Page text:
“15. Judges have to decide cases as they come before them, mindful of the need to keep passions and prejudices out of their decisions. And it will be strange if, by employing judicial artifices and techniques, this Court cuts down the discretion so wisely conferred upon the Courts, by devising a formula which will confine the power to grant anticipatory bail within a strait-jacket. While laying down cast-iron rules in a matter like granting anticipatory bail, as the High Court has done, it is apt to be overlooked that even Judges can have but an imperfect awareness of the needs of new situations. Life is never static and every situation has to be assessed in the context of emerging concerns as and when it arises.
Therefore, even if this Court were to frame a ‘Code for the grant of anticipatory bail’, which really is the business of the legislature, it can at best furnish broad guidelines and cannot compel blind adherence. In which case to grant bail and in which to refuse it is, in the very nature of things, a matter of discretion. But apart from the fact that the question is inherently of a kind which calls for the use of discretion from case to case, the legislature has, in terms express, relegated the decision of that question to the discretion of the Court, by providing that it may grant bail “if it thinks fit”. The concern of the Courts generally is to preserve their discretion without meaning to abuse it. It will be strange if the Court exhibits concern to stultify the discretion conferred upon the Courts by law.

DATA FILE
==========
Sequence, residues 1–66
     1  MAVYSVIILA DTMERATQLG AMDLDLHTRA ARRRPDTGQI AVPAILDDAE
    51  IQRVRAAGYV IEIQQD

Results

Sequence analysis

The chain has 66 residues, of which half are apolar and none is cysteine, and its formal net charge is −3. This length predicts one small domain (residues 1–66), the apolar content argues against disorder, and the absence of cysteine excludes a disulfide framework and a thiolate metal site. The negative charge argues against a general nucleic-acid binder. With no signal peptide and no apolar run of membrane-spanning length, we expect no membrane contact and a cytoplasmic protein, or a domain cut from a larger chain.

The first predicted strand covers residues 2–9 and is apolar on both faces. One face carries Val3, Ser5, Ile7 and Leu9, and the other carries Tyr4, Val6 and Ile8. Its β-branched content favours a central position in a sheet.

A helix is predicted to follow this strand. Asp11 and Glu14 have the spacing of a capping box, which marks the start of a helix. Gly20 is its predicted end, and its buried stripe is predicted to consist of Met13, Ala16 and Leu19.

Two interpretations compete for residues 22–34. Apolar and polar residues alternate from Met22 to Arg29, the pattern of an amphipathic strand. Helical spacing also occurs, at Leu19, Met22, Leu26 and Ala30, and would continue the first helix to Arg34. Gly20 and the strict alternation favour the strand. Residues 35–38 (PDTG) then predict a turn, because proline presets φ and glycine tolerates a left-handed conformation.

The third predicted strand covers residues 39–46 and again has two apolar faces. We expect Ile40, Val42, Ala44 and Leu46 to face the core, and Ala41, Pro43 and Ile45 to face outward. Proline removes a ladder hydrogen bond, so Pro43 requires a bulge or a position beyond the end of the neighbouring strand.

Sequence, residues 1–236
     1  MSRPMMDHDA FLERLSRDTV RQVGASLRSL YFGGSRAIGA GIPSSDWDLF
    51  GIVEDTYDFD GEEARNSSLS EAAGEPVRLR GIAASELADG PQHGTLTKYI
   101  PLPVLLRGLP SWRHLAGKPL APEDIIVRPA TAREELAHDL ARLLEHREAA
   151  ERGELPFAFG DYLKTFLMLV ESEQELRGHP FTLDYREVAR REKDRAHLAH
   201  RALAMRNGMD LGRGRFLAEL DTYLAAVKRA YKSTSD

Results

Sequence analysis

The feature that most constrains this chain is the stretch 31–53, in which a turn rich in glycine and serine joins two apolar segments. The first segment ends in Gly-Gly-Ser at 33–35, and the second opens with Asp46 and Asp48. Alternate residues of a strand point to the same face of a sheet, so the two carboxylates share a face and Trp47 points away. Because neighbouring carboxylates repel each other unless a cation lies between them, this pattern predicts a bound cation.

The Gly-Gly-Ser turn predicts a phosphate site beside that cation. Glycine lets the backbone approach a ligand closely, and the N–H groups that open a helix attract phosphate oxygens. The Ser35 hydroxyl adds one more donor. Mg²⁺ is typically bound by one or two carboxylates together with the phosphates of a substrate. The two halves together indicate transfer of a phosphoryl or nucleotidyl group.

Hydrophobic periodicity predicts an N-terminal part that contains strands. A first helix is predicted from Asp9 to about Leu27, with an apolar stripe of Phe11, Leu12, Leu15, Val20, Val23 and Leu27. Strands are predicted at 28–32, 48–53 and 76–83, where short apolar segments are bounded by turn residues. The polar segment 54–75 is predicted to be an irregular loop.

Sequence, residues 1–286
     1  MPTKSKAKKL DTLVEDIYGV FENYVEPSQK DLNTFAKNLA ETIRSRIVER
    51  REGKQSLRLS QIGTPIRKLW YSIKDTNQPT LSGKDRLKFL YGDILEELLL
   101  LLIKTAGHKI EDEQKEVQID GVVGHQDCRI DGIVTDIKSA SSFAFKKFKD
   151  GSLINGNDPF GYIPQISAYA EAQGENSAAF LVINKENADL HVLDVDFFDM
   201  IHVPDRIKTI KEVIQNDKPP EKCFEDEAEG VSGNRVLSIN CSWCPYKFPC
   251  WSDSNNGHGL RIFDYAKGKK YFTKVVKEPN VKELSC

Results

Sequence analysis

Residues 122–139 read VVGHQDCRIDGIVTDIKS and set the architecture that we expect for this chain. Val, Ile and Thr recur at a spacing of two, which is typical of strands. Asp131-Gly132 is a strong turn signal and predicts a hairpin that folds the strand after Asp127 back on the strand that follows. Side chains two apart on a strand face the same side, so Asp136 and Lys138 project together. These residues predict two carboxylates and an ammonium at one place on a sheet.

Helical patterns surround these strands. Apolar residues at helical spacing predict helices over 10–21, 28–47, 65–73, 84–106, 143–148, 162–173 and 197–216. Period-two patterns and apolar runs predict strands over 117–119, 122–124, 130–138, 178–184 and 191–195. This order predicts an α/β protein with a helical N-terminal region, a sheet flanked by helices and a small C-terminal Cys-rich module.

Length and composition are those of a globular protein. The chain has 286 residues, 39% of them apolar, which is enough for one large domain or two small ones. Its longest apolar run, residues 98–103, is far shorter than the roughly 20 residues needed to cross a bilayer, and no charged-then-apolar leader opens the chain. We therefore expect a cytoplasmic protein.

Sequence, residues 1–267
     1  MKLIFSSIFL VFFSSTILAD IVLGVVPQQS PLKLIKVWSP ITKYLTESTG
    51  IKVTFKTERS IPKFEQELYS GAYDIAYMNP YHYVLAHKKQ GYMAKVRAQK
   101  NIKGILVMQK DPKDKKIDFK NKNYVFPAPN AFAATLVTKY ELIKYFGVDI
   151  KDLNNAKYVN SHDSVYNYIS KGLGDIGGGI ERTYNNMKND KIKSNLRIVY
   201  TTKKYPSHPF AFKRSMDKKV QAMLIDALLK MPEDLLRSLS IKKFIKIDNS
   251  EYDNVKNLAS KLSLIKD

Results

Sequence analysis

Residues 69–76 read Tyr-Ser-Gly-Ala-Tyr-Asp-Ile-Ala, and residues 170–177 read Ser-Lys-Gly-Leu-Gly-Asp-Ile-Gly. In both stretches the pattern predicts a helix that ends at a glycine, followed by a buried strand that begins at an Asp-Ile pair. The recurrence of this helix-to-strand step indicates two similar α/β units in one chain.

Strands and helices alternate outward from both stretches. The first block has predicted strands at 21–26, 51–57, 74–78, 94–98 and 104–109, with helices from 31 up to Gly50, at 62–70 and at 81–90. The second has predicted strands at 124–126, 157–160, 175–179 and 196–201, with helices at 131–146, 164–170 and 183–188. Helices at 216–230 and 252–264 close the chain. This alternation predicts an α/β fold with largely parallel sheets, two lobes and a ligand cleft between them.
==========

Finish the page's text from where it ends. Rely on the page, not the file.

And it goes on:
21. ——-A wise exercise of judicial power inevitably takes care of the evil consequences which are likely to flow out of its intemperate use. Every kind of judicial discretion, whatever may be the nature of the matter in regard to which it is required to be exercised, has to be used with due care and caution. In fact, an awareness of the context in which the discretion is required to be exercised and of the reasonably foreseeable consequences of its use, is the hall mark of a prudent exercise of judicial discretion. One ought not to make a bugbear of the power to grant anticipatory bail.
26. We find a great deal of substance in Mr. Tarkunde’s submission that since denial of bail amounts to deprivation of personal liberty, the Court should lean against the imposition of unnecessary restrictions on the scope of Section 438, especially when no such restrictions have been imposed by the legislature in the terms of that section. Section 438 is a procedural provision which is concerned with the personal liberty of the individual, who is entitled to the benefit of the presumption of innocence since he is not, on the date of his application for anticipatory bail, convicted of the offence in respect of which he seeks bail. An overgenerous infusion of constraints and conditions which are not to be found in Section 438 can make its provisions constitutionally vulnerable since the right to personal freedom cannot be made to depend on compliance with unreasonable restrictions. The beneficent provision contained in Section 438 must be saved, not jettisoned. No doubt can linger after the decision in Maneka Gandhi that in order to meet the challenge of Article 21of the Constitution, the procedure established by law for depriving a person of his liberty must be fair, just and reasonable. Section 438, in the form in which it is conceived by the legislature, is open to no exception on the ground that it prescribes a procedure which is unjust or unfair. We ought, at all costs, to avoid throwing it open to a Constitutional challenge by reading words in it which are not be found therein.”